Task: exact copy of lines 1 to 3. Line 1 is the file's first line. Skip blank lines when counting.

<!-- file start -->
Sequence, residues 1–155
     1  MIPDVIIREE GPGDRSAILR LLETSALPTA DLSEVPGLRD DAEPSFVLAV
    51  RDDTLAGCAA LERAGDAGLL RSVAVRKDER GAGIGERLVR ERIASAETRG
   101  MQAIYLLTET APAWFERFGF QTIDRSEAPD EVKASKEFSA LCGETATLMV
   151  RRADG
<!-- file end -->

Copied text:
Sequence, residues 1–155
     1  MIPDVIIREE GPGDRSAILR LLETSALPTA DLSEVPGLRD DAEPSFVLAV
    51  RDDTLAGCAA LERAGDAGLL RSVAVRKDER GAGIGERLVR ERIASAETRG